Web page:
No one wants a slow, unresponsive website. Prerendering your site is one of your most powerful tools as a web developer when it comes to website performance optimization.
However, there’s a problem. HTML is static whereas websites are usually dynamic and interactive. How do frameworks make pre-rendered HTML interactive on the browser?
The current generation of frameworks solves this through a client-side process called hydration, a resource-intensive process that adds significant overhead to the page’s startup cost.
Here’s my controversial opinion: hydration is what happens when you add SSR/SSG as an afterthought to a front-end framework.
A framework designed from the ground up for prerendering can avoid hydration and its performance penalty by serializing state on the server and resuming it on the client.
Before diving into serialization and resumability, let’s talk about the problem that hydration solves.
Any front-end framework needs three things to be able to respond to interactivity:
Let's look deeper into how hydration handles these tasks and why it’s an expensive approach.
Frameworks associate event handlers with specific DOM elements by executing a component template. For example, in React, a button component written in JSX might have an onClick prop with an event handler. Hydration requires that the browser downloads and executes all components’ templates before associating event handlers.
Unfortunately, the JS bundle’s download size and code execution time is proportional to the complexity of the page. A small demo page will download a small amount of JS and execute quickly, but the bootstrap cost becomes prohibitively expensive when it comes to real-world pages, often leading to multi second times to interactive (TTI).
Some frameworks mitigate this performance penalty by attempting to delay when certain parts of a page are rendered. This strategy works reasonably well for content-centric pages such as marketing pages. For sites like web apps where components share state in complex ways, however, frameworks still need to download every component in the DOM tree and execute its template.
Event handlers need an application state to update, which is present on the server during prerendering. Frameworks must reconstruct this state on the client for the DOM to update properly.
Hydration’s basic approach is to execute the same code that generated the application state on the server again within the browser, which adds to execution time and delays interactivity.
That’s why many meta-frameworks serialize the application state on the server and include it in the HTML so that state can be restored using JSON.parse(). Deserialization is significantly faster than reconstructing state by executing application code on the browser, and it works well for simple and complex pages.
Even when application state is serialized, however, hydration still reconstructs internal framework state by slowly executing code.
For the final piece, frameworks need to recreate the component hierarchy, which is part of a framework’s internal state. It keeps track of which components need to be rerendered when your application state changes.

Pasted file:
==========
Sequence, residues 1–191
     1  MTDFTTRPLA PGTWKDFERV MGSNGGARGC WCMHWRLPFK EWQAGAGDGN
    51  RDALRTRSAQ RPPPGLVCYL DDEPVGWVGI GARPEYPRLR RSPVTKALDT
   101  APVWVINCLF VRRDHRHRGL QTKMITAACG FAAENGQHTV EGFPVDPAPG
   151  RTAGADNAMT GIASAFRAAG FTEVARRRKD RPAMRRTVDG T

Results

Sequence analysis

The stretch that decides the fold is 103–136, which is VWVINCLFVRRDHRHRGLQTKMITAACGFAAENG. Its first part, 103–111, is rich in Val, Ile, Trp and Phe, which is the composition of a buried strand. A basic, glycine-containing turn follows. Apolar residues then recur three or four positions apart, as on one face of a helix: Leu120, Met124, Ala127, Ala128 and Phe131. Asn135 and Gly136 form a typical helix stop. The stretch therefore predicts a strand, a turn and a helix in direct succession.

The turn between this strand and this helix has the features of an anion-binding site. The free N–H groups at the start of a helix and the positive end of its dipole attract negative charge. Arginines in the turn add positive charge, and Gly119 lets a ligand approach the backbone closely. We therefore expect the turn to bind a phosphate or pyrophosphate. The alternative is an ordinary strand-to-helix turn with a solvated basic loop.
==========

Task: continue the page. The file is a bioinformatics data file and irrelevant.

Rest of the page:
Similar to how it associates event handlers with DOM elements, hydration must download all of a page’s components and execute their templates to rebuild a component hierarchy, adding still more overhead.
Front-end frameworks perform hydration to recover event handlers, application state, and the component hierarchy in order to make the page interactive.
Each step requires downloading and executing code, which is expensive. Code execution time in particular is proportional to your page’s complexity when using hydration. We could roughly model this limitation with an equation:
No matter how small your payload, hydration will always be a bottleneck.
One solution to this problem is to eliminate the need to execute any code to restore a page’s interactivity, which we can do through serialization. As mentioned above, many meta-frameworks already serialize application state. Why not serialize event handler associations and component hierarchies, as well?
Because it’s really hard!
Function closures, promises, and resource references, among other structures, are all difficult to serialize. So a framework needs to be designed with serializability and resumability in mind. These aren’t features that can easily be added to existing frameworks without large-scale breaking changes.
The biggest win of serializing page state into HTML is that making the page interactive doesn’t require downloading or executing any template code. The framework simply resumes the page.
The bottom line? Resumable frameworks would reduce execution cost to zero and incur a constant overhead regardless of page complexity.
We at Builder.io have created a resumable front-end framework, Qwik. Our goal is to bring every web page’s time to interactive to its absolute minimum.
While we got the ball rolling, Qwik is open to the community. Everyone who’s as passionate about web performance as we are is invited to try it out and contribute and comment.
Head over to Qwik’s repository to learn more, or try our starter:
npm init qwik@latest